Misbranded Food Law & Legal Definition


Food may deemed to be misbranded:

  1. If the label, brand, tag or notice under which it is sold is false or misleading in any particular as to the kind, grade or quality or composition;
  2. If it is sold as the product of one manufacturer when in reality it is the product of another manufacturer; or
  3. If on the label, brand, tag or notice under which it is sold there is any false statement concerning the sanitary conditions under which it is manufactured.

Misbranded food is regulated under state and federal law. At the Federal level, three agencies currently have major responsibilities for regulating food and substances that may become part of food:

  • Food Safety and Inspection Service (FSIS) within the U.S. Department of Agriculture (USDA) ensures the safety of all domestic and imported meat, poultry, and some egg products in interstate commerce except game meat.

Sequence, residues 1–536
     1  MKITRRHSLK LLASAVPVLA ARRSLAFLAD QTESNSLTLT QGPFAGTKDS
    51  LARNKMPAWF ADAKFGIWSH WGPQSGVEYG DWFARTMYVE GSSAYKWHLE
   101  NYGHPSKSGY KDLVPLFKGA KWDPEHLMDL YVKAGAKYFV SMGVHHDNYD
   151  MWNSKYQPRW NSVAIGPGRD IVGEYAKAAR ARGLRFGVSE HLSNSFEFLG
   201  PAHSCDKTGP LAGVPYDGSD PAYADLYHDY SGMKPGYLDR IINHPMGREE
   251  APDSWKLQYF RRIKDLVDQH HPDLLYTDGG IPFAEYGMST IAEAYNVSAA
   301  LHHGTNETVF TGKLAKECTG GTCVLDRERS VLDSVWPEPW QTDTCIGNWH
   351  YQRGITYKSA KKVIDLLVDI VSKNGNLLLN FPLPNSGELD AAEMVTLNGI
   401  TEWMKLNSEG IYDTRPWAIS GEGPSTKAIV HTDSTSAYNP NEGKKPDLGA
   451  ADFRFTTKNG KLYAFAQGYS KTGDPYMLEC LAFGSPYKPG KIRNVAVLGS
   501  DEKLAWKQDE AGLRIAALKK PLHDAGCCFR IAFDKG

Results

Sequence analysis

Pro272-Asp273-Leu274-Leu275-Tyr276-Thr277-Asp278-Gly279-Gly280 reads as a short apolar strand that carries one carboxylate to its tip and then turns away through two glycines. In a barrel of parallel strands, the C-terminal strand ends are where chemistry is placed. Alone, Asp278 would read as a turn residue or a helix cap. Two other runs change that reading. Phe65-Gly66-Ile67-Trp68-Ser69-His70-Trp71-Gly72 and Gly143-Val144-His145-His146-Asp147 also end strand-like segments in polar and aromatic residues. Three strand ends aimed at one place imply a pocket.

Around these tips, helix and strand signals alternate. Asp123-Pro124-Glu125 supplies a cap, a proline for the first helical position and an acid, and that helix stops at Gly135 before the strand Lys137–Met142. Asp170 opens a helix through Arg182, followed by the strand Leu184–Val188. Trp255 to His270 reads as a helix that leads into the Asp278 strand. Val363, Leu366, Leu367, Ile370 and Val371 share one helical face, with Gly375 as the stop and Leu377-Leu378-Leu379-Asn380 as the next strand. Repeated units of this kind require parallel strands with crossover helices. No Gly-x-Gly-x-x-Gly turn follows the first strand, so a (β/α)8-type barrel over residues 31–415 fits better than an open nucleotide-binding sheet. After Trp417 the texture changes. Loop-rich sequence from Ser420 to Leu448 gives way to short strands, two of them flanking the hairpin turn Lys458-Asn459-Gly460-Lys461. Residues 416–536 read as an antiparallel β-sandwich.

• Food and Drug Administration (FDA) within the Department of Health and Human Services (HHS) has in its purview all domestic and imported foods that are marketed in interstate commerce (except for meat, poultry, and some egg products) as well as game meat, food additives, animal feed, and veterinary drugs.
  • Environmental Protection Agency (EPA) licenses pesticide products and establishes maximum allowable limits (tolerances) for pesticide residues in food and animal feed. (FDA and FSIS enforce pesticide tolerances for the commodities under their jurisdiction.) In addition, EPA has regulatory and research programs related to water and food borne toxic chemicals such as dioxin.

Violations of such laws is subject to civil penalties.